One of the nice features of ITS Tool is that it can merge ITS definitions from multiple sources. So when you embed TTML into Mallard, you don’t need to have a specific Mallard+TTML mode. Instead, the Mallard ITS definitions get applied, and the TTML ITS definitions get applied on top of them. I just added this ITS file to itstool git:
<its:rules xmlns:its="http://www.w3.org/2005/11/its" xmlns:tt="http://www.w3.org/ns/ttml" its:version="1.0"> <its:withinTextRule withinText="yes" selector="//tt:p//*"/> </its:rules>
This ensures that inline markup like tt:span doesn’t get split off with a placeholder into a separate translation unit. This one file applies the ITS definitions whether your TTML is embedded in Mallard, DocBook, XHTML, or any other format, or even if you have a standalone TTML file.
When I first started doing GNOME documentation, our documents were translated manually, as a whole, and with no change-tracking. That is to say, they were never translated. Then Danilo came along and wrote xml2po, and I integrated it into the build utilities in gnome-doc-utils. Suddenly, all our XML documents could be translated with standard PO files. And we started seeing actual documentation translation.
Fast forward six years. We’re still using xml2po, and it’s serving us well. Various web-based translation editors and trackers have appeared that can handle XML documents. Some of them use xml2po underneath; some use the same concepts in their own implementation. Meanwhile, the W3C created ITS, a common vocabulary for specifying things that translators and translation tools might want to know about an XML format. But we’re not using it, and I don’t know anybody in the greater GNOME ecosystem who is.
Presenting itstool: an ITS-based tool for converting XML files to PO files and back again.
This is an experiment I started over the weekend. The idea is to have a general xml2po-like tool that contains no vocabulary-specific logic. All it knows is XML and ITS, and everything you need to know about a format is specified with an ITS rules files. Look at the Mallard ITS file as an example. The basics of how to handle Mallard are in 13 lines.
This has a lot of potential. For starters, you don’t need to patch a program or write a plug-in to support a new XML vocabulary. All you need to do is provide an ITS file. There’s a chance that the people who developed the vocabulary will already have ITS definitions in place.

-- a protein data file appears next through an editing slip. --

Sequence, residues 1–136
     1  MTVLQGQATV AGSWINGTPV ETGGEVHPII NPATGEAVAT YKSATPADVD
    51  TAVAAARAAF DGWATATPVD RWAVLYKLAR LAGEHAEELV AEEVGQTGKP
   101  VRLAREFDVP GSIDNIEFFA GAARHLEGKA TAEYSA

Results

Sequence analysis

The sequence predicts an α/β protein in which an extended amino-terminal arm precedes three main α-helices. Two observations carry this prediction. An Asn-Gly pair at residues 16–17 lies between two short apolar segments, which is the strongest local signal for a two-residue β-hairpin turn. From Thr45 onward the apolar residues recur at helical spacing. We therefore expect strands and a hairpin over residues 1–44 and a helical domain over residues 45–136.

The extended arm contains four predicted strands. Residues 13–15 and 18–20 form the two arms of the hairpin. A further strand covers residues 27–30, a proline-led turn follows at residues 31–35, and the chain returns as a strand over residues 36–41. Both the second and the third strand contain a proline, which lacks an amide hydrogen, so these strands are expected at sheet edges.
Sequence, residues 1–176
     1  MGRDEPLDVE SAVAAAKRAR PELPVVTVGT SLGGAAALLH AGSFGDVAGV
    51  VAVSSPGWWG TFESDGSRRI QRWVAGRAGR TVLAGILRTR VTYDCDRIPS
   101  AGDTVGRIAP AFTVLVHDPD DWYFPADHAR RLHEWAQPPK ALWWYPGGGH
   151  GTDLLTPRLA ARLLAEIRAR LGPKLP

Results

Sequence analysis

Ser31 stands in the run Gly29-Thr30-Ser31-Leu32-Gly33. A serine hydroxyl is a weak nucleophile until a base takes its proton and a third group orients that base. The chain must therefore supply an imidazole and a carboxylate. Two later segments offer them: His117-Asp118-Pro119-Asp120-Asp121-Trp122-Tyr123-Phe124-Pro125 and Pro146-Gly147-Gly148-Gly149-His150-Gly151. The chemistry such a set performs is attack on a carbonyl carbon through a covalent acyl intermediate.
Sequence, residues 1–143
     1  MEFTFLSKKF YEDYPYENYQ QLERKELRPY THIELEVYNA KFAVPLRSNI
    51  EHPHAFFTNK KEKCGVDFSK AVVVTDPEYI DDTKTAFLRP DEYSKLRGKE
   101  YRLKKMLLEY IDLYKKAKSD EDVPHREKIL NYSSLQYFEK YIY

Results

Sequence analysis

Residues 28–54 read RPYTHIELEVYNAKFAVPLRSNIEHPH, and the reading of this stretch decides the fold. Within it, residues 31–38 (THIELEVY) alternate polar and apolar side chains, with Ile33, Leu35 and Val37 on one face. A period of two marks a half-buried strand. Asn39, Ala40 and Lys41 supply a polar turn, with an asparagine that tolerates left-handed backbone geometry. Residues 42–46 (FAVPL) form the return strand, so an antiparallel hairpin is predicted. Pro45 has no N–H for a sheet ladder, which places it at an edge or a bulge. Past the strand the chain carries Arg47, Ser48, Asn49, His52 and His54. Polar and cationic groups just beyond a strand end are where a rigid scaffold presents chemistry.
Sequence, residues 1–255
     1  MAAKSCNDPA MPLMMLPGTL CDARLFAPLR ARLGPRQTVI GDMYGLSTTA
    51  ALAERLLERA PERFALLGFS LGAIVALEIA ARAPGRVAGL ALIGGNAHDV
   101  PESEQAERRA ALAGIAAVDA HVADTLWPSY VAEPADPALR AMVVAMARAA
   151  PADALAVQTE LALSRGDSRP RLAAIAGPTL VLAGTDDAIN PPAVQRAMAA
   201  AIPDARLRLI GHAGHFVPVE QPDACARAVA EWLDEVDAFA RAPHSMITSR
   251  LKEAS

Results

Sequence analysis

What’s more, you can embed ITS attributes and rules directly into your XML document, extending or overriding global rules. This is huge. This is the “mark something as untranslatable” feature that translators want, provided by a W3C recommendation that other tools might actually understand as well.
For an example, take a look at the DocBook Element Reference for Mallard. If you convert this to a PO file using itstool, you’ll see a bunch of messages that look like this:
msgid "<code href=\"http://www.docbook.org/tdg/en/html/abbrev.html\">abbrev</code>"
Yawn. It’s some markup, and a URL, and the name of an XML element. Nobody needs to translate that, but there’s no way a general tool can know that. But the author knows, so the author can use the its:translate attribute to save the translators some work:
<td its:translate="no"><p> <code href="http://www.docbook.org/tdg/en/html/abbrev.html">abbrev</code> </p></td>
Problem solved. This one pesky message will no longer appear in the PO file. That’s a big step forward for us. Unfortunately, there are 417 of those on that page. That’s a lot of typing. Fortunately, ITS also provides a standard way to specify rules, and you can put those rules directly inside your document. For this page, I happen to know that the first column of every row is untranslatable. And I know there’s no row spanning that would cause the first td to be in anything other than the first column. So rather than type its:translate="no" 417 times, I can put what I know right in the XML, where itstool can find it.
<its:rules xmlns:its="http://www.w3.org/2005/11/its"> <its:translateRule translate="no" selector="//mal:tr/mal:td"/> </its:rules>
We can just put this inside a Mallard info element. This is valid because Mallard allows any element from an external namespace inside the info element. And now itstool drops all 417 of those pesky messages from the PO file.
There are some bits that ITS doesn’t provide, and for those, we’ll need extension rules. Annoyingly, ITS doesn’t have a rule to specify space-preserving elements. I think the idea is that your DTD or XSD can specify this using xml:space. But I come from the RELAX NG school of thought, where validation is validation, and processing logic is something else. The two formats I care about most, DocBook and Mallard, are both RNG-based, so I had to create an extension rule for that. That’s done.
Then we have xml2po’s awesome ability to create messages for external files like images. We can’t translate the images using xml2po, of course. But xml2po can let translators know when images have changed, or when new images were added. That’s another extension rule. It’s not in yet, but I have a syntax for it, and I think it will be easy.
Finally, there’s translator credits. This one is harder, but I think it can still be specified in XML as an extension. I have a prototype of how the XML might look in the ITS files for DocBook and Mallard, but no working code yet.
Some things were easier than with xml2po’s approach, and some things were harder. On the whole, I think the ITS-based approach can take us further, and lines up more with standards that exist outside GNOME. I’m going to keep experimenting with this, and perhaps try to get in touch with other ITS folks. We’ll see where it goes.